• “From my collection of vintage hoes, this old Dutch hoe is my favorite. My dad had one just like it, and when he gave me my first patch of garden to tend as a child, I used to get this hoe from the shed and try to wield it to work the earth to a nice fine crumb like he did. The handle on that old hoe was longer than me, but I felt like I was a proper gardener! For me, this design seems to get the job done in a gentler manner than the pull or draw hoes, gliding through the soil with a light push of the hand.” -Heather Cole
    Photo by Country Trading Co.
  • Heather Cole's diverse collection of vintage hoes.
    Photo by Heather Cole
  • A close-up of Heather Cole's favorite hoe from her collection.
    Photo by Heather Cole

“Earth is here so kind, that just tickle her with a hoe and she laughs with a harvest.” So the old quote goes, and to this day the garden hoe remains one of the most popular tools in the garden shed.

As long as we’ve cultivated crops, we’ve hoed. Garden hoes are among the oldest tools of agriculture. Records exist of their use by Egyptian civilizations from about the same time the first wheels turned, more than 5,000 years ago.

Hoes fall into two main families: long-handled and short-handled. The latter have become more popular with home gardeners in recent years because of the rising popularity of raised garden beds. But a short-handled hoe is hard on your back if you have a large garden to tend. Within the long-handled family of garden hoes, there are push hoes and pull hoes, with many designs for each.

Push hoes, such as the triangle-shaped scuffle hoe and the Dutch hoe, are designed to glide through the top layer of soil with a gentle push of the handle. The blades are sharp on each side for slicing weeds. My favorite push hoe has a wide blade on an open hoop that lets the earth flow back through without clogging. When the fork and shovel have done their job, this old hoe works the earth to a lovely crumb, demolishing clods and leaving a fine tilth that’s perfect for sowing or planting.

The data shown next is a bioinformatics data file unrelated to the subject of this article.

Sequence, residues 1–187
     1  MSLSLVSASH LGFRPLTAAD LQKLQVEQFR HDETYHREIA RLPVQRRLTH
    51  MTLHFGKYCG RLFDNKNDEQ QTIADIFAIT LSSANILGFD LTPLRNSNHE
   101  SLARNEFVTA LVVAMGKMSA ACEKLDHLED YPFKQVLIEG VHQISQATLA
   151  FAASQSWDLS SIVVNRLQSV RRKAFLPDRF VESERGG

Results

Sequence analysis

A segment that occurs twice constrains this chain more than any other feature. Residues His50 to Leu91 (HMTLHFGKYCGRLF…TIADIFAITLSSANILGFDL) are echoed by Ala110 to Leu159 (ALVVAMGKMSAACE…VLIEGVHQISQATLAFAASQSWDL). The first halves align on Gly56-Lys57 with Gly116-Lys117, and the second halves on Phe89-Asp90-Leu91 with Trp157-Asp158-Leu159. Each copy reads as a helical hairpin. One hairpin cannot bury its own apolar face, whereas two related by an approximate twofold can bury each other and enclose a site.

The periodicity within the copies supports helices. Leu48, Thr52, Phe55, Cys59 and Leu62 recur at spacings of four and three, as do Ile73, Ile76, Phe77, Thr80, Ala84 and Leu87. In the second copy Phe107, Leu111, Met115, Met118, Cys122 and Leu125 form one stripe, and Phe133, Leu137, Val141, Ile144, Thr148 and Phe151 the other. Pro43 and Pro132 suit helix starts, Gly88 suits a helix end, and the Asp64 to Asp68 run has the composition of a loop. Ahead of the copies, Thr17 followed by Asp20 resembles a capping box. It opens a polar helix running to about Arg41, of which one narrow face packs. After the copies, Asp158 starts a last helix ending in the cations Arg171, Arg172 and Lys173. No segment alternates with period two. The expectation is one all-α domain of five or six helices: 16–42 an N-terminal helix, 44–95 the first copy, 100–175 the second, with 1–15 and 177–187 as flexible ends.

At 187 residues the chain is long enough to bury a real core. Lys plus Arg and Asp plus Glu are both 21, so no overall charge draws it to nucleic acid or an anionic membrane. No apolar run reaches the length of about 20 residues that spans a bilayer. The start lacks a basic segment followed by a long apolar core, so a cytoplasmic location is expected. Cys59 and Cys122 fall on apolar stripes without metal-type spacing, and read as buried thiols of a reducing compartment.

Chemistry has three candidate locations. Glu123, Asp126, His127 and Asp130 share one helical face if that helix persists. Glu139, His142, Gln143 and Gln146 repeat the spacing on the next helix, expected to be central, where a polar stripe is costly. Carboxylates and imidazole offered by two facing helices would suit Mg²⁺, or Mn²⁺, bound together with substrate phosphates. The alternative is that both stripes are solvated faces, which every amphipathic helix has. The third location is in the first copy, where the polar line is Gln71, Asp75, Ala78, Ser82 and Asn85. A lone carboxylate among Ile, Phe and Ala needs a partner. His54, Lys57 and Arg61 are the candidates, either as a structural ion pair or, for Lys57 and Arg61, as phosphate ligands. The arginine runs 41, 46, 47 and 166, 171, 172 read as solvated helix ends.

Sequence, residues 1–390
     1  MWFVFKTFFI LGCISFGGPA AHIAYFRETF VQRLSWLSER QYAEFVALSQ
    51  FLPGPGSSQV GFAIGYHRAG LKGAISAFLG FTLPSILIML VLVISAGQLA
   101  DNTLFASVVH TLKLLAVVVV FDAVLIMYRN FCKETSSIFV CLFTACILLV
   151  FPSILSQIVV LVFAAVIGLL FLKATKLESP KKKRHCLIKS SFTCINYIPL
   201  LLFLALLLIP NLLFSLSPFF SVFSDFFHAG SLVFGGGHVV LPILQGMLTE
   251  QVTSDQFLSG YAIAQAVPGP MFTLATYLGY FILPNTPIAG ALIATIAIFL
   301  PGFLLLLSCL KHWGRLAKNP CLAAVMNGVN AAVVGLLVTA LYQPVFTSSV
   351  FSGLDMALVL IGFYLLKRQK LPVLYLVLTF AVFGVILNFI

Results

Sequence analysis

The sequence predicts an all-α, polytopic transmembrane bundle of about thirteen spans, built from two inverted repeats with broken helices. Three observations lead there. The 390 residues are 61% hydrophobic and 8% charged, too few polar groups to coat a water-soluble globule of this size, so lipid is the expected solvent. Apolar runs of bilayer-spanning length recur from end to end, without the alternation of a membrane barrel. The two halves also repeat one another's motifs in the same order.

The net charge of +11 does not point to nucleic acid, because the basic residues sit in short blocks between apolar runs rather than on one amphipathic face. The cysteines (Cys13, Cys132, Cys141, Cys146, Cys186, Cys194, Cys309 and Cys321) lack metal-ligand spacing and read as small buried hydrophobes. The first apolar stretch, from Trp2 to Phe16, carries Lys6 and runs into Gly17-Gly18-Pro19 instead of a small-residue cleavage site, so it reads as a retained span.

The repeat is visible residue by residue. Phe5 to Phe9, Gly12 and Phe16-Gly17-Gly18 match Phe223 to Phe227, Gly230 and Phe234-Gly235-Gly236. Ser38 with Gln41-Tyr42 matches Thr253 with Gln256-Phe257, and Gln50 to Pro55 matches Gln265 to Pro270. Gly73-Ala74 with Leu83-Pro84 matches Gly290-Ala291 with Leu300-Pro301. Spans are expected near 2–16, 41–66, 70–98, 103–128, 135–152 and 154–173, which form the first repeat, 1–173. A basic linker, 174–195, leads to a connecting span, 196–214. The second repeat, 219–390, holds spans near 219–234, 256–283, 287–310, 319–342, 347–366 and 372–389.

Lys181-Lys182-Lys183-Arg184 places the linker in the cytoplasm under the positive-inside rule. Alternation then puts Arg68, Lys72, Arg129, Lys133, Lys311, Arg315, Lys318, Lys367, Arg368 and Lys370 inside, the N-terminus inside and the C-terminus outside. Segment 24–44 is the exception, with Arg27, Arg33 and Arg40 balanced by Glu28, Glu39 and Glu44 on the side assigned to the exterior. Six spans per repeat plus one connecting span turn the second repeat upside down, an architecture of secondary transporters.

Pull hoes, also known as draw hoes or field hoes, include heads of various shapes designed to cut weeds and move earth with a more vigorous pull on the handle. Their solid, angled blades (either on a swan neck or a short neck) tend to be larger and heavier than those of push hoes. Pull hoes are good for deeper cultivating, soil mounding, and grubbing larger weeds.

Form and Function

The hoe endures because it works, delivering results for the garden and the gardener. For the garden, hoeing helps control weeds, allowing vegetables to perform their best. For gardeners, the regular act of hoeing lets them commune with the garden in a rhythmic form of meditation that does as much for the soul as any mindfulness session or health spa. There’s something deeply therapeutic about decapitating weeds with a gentle push or pull of the hoe. The long-handled hoe is also the best friend of a gardener’s knees and back, especially in larger plots where hours of hoeing may be required. One gardener I know enjoys pottering in her patch in the evening with a long-handled hoe in one hand and a beer in the other. A nice kind of therapy!